The camper construction includes an upper deck bathroom, four bunks, a fully equipped kitchen, computer workstation, and inverters and generators for all the electrical needs.

The most important bit was the special needs area, which contained a special bed, shelf for medical equipment, and an oxygen machine. Scott’s neurological condition left him unable to walk, talk or consciously coordinate movements. He was tube-fed and relied on an oxygen supply for periods of time.

Sadly, Scott passed away November 30, 2007. In early 2008, the family made a big tour of Scotland in his memory.

It all starts with a vision

Do these customized campers rev your engine? There’s no reason why you can’t customize your own ride for a big road trip.

If you’d like to know more about taking your wheels to places like China, Mongolia, and South America, check out The Silk Route Motor Caravan Network.


If you do decide to hit the open road, don’t forget the music. Cedric Pieterse has some good reasons why you shouldn’t.



About The Author

Carlo Alcos

Carlo is the Dean of Education at MatadorU and a Managing Editor at Matador. Like him on Facebook and follow him on Twitter. He lives in Nelson, British Columbia.

  • Julie

    I did many campervan trips with my family as a kid. You’ve just convinced me that it would be worth it to try out campervans as an adult–these are great stories.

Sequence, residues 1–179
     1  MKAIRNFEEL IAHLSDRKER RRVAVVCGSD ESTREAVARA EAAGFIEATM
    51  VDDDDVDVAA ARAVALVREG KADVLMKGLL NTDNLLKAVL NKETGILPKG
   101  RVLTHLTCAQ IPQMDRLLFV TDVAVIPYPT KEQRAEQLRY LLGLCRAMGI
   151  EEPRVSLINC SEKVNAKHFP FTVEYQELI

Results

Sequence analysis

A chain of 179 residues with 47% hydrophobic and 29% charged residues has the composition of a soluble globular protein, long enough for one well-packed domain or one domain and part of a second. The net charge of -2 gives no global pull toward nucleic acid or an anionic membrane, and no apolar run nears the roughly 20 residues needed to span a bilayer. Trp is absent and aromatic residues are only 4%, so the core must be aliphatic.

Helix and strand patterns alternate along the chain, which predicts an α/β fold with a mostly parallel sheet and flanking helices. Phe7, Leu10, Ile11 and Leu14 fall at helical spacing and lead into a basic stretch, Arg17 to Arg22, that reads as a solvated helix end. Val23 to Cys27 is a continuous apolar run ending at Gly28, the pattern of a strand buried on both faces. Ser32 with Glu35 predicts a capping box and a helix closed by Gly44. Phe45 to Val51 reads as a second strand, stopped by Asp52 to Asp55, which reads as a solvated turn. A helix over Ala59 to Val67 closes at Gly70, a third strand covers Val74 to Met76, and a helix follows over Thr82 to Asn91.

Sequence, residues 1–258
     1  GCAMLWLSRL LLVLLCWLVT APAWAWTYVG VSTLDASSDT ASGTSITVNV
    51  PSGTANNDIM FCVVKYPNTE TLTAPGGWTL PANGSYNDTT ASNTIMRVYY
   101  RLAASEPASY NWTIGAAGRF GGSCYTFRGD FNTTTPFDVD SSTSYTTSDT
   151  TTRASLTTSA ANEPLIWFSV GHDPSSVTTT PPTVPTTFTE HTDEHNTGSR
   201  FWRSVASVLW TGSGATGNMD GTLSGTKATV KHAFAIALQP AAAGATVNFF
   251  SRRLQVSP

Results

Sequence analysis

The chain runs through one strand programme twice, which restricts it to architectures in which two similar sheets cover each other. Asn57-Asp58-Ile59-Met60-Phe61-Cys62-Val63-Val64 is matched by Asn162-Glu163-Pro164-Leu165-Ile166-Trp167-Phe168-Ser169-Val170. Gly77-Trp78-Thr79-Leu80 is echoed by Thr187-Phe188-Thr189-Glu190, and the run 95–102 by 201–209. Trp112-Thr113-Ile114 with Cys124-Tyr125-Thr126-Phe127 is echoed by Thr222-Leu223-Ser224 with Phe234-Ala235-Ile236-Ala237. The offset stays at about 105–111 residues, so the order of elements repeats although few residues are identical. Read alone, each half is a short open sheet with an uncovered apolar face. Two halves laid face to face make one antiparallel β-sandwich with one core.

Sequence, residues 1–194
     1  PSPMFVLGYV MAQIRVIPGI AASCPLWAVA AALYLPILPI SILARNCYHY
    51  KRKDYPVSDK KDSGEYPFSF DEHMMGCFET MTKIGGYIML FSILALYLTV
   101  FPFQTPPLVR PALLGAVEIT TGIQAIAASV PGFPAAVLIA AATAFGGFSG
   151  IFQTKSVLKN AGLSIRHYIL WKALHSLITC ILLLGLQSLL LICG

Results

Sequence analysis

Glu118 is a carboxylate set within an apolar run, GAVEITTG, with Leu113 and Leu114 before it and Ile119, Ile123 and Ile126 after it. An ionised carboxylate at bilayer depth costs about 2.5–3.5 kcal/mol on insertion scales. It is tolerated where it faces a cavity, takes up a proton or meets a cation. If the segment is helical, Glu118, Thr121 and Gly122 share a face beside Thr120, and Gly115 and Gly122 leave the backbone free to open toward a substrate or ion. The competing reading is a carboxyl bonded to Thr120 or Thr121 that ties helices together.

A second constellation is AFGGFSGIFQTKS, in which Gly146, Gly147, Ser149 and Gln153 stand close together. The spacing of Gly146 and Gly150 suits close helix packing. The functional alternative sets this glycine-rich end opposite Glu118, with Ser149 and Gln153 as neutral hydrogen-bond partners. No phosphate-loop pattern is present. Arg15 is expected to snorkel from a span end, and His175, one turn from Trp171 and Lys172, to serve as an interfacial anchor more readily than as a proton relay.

• David Miller

    great piece, but where’s a shot of the delica?!

  • Hal

    yeah, Carlo, bring on the self-portrait!

  • Carlo Alcos

    He’s too naked and shy right now…give him a few months and he’ll be ready for the world! :)

  • http://matadorlife Tom Gates

    The Japanese camper is FREAKING ME OUT. Wow.

  • Craig

    I love the Kiwi “spaceships” that float around. They look like a people-mover, act like a camper van. Brilliant.

  • Carlo Alcos

    Tom: I know.
    Craig: Thanks for the link! I’ll go check that out. May get some ideas for our van…

  • Artromick

    Your London Double Decker project was really just.. Wow. Did you also install all the medical equipments there. Must have taken months to make this. I would like to have one but more like a luxury Cruise liners

  • N Emey

    Great project! You should check out Baja Trek at It’s also an interesting Hostel on Wheels concept. Cheers!

  • Rachel Maer

    Haha, this article was great! One of my coworkers and I have an obsession with tricked-out vans/campers/trailers.. he lives in a pop-up tent on top of his Land Rover during the summers and I live in a van which I added some personal touches to. I’m starting to feel a little inferior here with my van only being story tall!

  • VW Campervan Hire

    I particularly like the look of the 1985 MCW metrobus conversion. I am just wondering how long the project took and what the cost was. I don’t think I could afford it myself, but what a vision. Fantastic pictures, especially the one of Scott. Well done.

  • VW Campervan Hire

    This is quite a handy piece of work if you are interested in Campervans, which I am. Well worth keeping an eye on. Give us more photo’s if you can please.

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    There are a site about campervan hire where you can get enough as you want.
     Berkshire vw  campervan hire